After listening to one8 the other day and blogging about it, I feel like I have walked through the looking glass, thanks to Mr. Cage...
Yesterday, inspired by Devin Hurd's comment to my post that said, live anyway, one8 was "haunting," I made a quick trip to Amoeba/SF to see if I could find another recording of one8 just to see if maybe the recording I had was deficient. Allas, nothing in stock (although kudos to Mr. TSR for pointing out the 70s retro Everything Comes & Goes which I did buy). Today, after a fast lunch in downtown San Jose, I stopped at the San Jose State/City of San Jose library to look for a book on a particular subject. After not finding what I was looking for, I decided to make a quick pass through the SJS music library (which is surprisingly good). Of the 5000 or so available CDs, mostly classical, the third CD I happened to thumb through was the Irvine Arditti recording of one8. Eerie.
I also did a quick search on the shelves for James Pritchett's The Music of John Cage, a good overall text on the subject. That led me to Christopher Shultis' Silencing the Sounded Self: John Cage and the American Experimental Tradition, which I've started to read (and which is also available via Amazon for $427.10!).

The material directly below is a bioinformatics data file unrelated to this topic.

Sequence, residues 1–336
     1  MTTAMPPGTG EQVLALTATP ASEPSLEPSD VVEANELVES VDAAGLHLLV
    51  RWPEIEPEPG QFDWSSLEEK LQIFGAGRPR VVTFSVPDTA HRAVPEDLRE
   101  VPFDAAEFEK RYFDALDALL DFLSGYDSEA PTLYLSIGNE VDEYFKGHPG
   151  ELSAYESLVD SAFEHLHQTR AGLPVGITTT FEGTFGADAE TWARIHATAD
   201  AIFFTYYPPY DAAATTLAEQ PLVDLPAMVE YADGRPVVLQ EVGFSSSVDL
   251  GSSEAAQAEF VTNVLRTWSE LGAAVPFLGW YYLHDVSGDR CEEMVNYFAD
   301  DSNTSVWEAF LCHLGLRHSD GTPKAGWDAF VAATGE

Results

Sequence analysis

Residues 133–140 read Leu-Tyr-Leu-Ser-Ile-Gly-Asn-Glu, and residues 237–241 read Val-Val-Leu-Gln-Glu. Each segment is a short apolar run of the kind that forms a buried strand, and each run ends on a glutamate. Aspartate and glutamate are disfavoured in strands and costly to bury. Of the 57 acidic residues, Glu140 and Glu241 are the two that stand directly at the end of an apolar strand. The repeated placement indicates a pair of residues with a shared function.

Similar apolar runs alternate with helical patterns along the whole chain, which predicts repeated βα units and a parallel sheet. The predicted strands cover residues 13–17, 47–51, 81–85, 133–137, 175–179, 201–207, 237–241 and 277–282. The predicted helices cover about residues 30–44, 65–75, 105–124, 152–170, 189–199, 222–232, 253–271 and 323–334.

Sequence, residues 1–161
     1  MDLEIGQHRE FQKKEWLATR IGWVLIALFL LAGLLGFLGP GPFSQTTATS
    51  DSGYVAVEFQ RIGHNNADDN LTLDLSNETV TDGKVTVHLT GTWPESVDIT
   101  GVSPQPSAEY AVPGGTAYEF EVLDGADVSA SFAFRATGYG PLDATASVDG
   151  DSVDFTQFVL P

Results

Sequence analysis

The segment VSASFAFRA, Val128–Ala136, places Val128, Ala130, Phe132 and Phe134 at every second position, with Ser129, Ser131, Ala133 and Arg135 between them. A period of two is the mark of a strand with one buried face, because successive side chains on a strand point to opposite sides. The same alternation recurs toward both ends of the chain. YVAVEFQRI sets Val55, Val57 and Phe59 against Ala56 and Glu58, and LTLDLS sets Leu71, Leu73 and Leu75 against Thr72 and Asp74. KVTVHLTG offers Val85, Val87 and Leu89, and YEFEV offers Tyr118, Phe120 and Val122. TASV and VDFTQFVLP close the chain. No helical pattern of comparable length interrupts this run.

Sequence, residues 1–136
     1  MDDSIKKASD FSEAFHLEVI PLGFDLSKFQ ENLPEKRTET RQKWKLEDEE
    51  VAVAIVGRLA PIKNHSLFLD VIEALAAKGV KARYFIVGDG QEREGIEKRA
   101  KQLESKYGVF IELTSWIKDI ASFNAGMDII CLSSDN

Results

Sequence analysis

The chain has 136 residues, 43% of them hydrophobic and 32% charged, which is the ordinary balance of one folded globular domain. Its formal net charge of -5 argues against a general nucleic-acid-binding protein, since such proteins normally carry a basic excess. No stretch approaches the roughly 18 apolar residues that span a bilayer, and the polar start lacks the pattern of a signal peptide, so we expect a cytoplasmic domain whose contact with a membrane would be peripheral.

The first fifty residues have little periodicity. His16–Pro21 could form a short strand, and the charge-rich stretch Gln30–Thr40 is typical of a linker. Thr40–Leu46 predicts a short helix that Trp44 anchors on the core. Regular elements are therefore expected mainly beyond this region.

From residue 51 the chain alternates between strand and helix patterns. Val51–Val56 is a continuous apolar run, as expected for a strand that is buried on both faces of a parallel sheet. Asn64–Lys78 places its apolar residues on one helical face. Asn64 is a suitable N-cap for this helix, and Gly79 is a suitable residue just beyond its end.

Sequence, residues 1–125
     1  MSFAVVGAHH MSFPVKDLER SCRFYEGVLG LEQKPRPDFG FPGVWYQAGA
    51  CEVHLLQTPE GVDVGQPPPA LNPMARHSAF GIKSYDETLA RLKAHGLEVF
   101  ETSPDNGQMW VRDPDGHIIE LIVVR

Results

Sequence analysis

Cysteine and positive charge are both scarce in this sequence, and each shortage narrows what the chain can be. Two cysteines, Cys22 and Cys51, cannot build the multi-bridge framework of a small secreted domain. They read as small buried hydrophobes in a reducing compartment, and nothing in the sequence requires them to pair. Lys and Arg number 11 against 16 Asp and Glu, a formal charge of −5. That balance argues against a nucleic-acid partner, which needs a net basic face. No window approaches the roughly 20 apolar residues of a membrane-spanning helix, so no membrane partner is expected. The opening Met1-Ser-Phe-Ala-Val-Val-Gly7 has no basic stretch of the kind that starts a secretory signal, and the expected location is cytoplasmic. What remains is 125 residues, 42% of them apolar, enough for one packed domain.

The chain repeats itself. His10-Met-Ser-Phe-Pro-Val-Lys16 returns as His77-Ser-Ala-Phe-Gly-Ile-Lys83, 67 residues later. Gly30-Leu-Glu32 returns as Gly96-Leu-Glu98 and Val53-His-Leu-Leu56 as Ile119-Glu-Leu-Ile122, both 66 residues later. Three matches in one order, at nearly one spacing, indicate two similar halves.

Shultis posits that experimental tradition as revolving around two archetypes: the Emerson/Ives "controlling selves" and the Thoreau/Cage "co-existing selves". The author says he will try to place various poets and composers in the context of three criteria:
- "a controlling or co-existing connection with nature"
- "symbolism versus the thing itself"
- "intention versus non-intention, manifested as either projection/observation or sound/silence"
In a comment to my prior post, Steve Layton points to the Rob Haskins website with some relevant notes on Cage's number music. Then today, I read, wait for it, Rob Haskins' liner notes to the Arditti recording on Mode I just checked out. He has a good quote from Cage about studying the violin's capabilities as he wrote Chorals and Cheap Imitation in preparation for his Freeman Etudes:
I study under [Paul] Zakofsky's patient tutelage, not how to play the violin, but how to become even more baffled by its almost unlimited flexibility.
There are aspects of both Ives and Cage I like and aspects I don't; I'm curious if a little study in this area results in any synthesis in my musical perspective. In any case, I like the little Cage-ian lesson about non-intentionality I've just had.